PULLMAN, Wash. – The ability to identify misinformation only benefits people who have some skepticism toward social media, according to a new study from Washington State University.
Researchers found that people with a strong trust in information found on social media sites were more likely to believe conspiracies, which falsely explain significant events as part of a secret evil plot, even if they could identify other types of misinformation. The study, published in the journal Public Understanding of Science on March 5, showed this held true for beliefs in older conspiracy theories as well as newer ones around COVID-19.
“There was some good and bad news in this study,” said Porismita Borah, an associate professor in WSU’s Edward R. Murrow College of Communication and a corresponding author on the study. “The good news is that you are less susceptible to conspiracy theories if you have some media literacy skills, one of which is being able to identify misinformation. But if you blindly trust the information you find on social media, those skills might not be able to help.”
Identifying misinformation is just one part of media literacy, Borah pointed out, and people may need a deeper education around social media to avoid falling for conspiracy theories.
For the study, the researchers surveyed 760 people recruited via Amazon’s Mechanical Turk crowdsourcing website. The participants were roughly split between male and female as well as Democrat and Republican. The majority, 63.1%, used Facebook and 47.3% used Twitter daily. They answered a range of questions related to the level of their social media news use and trust as well as ability to identify misinformation.
The participants were also asked to rate the truth of several COVID-19 conspiracy theories, such as the belief that the virus was a weapon of biological warfare developed by foreign countries. They also were presented with older conspiracies to rate, such as that the moon landing was a hoax and that Princess Diana was killed by a British intelligence agency.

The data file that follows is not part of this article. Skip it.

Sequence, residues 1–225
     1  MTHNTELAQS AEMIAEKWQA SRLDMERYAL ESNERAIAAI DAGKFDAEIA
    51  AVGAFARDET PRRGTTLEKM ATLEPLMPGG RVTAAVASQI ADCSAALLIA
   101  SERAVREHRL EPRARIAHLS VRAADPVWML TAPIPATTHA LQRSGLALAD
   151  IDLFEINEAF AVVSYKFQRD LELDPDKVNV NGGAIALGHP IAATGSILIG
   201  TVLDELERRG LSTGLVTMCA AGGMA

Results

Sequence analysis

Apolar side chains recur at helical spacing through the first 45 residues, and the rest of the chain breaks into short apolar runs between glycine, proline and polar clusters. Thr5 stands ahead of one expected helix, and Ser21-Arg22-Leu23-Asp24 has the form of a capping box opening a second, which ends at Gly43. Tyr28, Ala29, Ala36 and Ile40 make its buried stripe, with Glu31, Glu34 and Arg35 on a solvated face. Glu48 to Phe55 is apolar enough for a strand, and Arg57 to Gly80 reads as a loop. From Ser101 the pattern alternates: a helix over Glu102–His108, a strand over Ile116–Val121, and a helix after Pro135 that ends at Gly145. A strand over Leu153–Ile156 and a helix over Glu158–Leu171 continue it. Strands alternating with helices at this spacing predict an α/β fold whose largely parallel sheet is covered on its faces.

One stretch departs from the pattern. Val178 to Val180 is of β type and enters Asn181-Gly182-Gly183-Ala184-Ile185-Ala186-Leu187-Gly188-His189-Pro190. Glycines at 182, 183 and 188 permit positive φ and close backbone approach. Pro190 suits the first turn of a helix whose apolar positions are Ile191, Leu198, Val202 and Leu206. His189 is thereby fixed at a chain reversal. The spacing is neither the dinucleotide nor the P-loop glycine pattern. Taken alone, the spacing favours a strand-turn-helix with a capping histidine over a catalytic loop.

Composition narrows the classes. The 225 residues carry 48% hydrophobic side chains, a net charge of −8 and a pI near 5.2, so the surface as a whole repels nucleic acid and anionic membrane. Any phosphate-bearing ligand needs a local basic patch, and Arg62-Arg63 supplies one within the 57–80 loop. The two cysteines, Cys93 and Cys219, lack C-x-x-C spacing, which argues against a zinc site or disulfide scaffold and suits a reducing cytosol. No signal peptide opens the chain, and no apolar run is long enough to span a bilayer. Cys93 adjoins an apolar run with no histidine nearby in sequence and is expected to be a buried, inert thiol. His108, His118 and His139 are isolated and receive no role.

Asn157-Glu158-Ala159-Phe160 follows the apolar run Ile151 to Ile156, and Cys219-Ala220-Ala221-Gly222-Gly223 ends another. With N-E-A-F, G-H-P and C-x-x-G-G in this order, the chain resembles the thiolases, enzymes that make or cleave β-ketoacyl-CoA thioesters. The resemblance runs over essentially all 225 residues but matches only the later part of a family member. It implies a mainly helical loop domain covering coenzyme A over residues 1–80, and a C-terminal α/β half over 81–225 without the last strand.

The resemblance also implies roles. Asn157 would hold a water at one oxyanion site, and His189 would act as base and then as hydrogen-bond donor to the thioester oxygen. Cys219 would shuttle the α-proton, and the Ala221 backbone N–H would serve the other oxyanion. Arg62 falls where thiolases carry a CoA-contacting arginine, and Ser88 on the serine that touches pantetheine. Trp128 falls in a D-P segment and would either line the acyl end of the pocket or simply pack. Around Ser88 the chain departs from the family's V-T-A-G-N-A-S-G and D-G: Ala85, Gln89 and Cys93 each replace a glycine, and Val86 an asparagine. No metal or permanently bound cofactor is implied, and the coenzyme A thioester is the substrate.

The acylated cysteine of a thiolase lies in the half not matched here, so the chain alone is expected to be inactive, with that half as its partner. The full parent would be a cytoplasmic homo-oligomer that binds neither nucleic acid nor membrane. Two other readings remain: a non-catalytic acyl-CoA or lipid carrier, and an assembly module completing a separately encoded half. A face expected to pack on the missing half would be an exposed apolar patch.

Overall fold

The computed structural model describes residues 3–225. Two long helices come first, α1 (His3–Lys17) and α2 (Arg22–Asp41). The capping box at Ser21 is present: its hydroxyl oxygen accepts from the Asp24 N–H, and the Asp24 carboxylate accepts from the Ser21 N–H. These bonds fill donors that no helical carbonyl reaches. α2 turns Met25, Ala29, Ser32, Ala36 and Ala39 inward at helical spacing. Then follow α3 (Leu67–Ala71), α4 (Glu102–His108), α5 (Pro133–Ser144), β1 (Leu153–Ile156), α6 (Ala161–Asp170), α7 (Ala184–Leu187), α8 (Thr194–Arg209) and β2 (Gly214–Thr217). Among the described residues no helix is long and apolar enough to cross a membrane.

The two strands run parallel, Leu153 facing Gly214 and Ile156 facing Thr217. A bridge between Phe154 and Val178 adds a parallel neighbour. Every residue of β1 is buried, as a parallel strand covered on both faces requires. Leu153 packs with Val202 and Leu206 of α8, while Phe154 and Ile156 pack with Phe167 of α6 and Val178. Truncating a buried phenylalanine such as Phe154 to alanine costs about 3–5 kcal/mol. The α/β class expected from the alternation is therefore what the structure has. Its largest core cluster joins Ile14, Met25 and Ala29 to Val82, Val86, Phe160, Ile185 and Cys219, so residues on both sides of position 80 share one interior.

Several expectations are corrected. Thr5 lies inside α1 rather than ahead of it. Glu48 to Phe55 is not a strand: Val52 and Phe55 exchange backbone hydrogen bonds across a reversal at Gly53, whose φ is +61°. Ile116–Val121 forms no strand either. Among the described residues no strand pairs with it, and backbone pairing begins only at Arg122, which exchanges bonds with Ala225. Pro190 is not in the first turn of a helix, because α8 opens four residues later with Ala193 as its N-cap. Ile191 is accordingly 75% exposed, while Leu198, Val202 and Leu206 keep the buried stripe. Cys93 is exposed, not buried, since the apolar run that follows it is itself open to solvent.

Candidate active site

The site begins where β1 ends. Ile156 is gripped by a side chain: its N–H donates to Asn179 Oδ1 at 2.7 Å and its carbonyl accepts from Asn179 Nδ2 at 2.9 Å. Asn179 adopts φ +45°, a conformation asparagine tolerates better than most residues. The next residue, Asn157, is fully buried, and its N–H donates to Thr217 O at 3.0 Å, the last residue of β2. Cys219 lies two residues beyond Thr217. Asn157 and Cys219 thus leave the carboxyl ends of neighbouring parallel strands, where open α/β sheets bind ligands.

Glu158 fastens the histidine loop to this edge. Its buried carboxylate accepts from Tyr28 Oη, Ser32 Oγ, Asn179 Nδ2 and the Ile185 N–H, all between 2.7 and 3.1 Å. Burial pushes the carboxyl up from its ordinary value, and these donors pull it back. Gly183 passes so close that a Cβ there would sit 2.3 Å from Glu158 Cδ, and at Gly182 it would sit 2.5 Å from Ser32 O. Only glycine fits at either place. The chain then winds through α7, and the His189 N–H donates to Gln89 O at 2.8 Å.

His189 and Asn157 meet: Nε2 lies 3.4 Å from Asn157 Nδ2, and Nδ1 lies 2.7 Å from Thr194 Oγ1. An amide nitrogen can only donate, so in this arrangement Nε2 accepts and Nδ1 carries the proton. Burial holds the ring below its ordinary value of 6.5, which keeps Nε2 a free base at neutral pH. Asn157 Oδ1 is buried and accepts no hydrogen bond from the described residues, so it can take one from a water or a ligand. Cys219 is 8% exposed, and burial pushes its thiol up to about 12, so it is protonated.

The researchers found that a greater ability to identify misinformation lowered beliefs in all conspiracy theories—except for those who had high levels of trust in social media information. This is particularly problematic because other research has shown that once a conspiracy belief takes hold, it is very hard to convince the believer that it is false.
“The patterns around trust is one of the most important findings from our study,” said Borah. “We need to go deeper into what this trust means.”
Borah and her co-authors, recent WSU Ph.D. Xizhu Xiao and current doctoral student Yan Su, suggest that political ideology may play a role in this trust—that people want to believe the words of political figures they admire, whether what they say is actually true or not. Borah said more research is needed to understand why conspiracy theories appeal to people and how best to combat them as there can be serious consequences.
“There are different levels of danger with these theories, but one of the prominent conspiracy beliefs about COVID-19 is that it isn’t true, that the virus is a hoax and that can be really dangerous: you’re putting yourself, your family members and your community at risk,” said Borah.
The researchers advocate for making media literacy part of the educational system and starting it well before college. They argue that such education should include a better understanding of how information can be manipulated as well as social media environments, news production and dissemination.
“There’s a long list of tasks to do to keep ourselves well informed,” Borah said. “I think there is hope with media literacy and a better understanding of the information environment, but it is a complicated process.”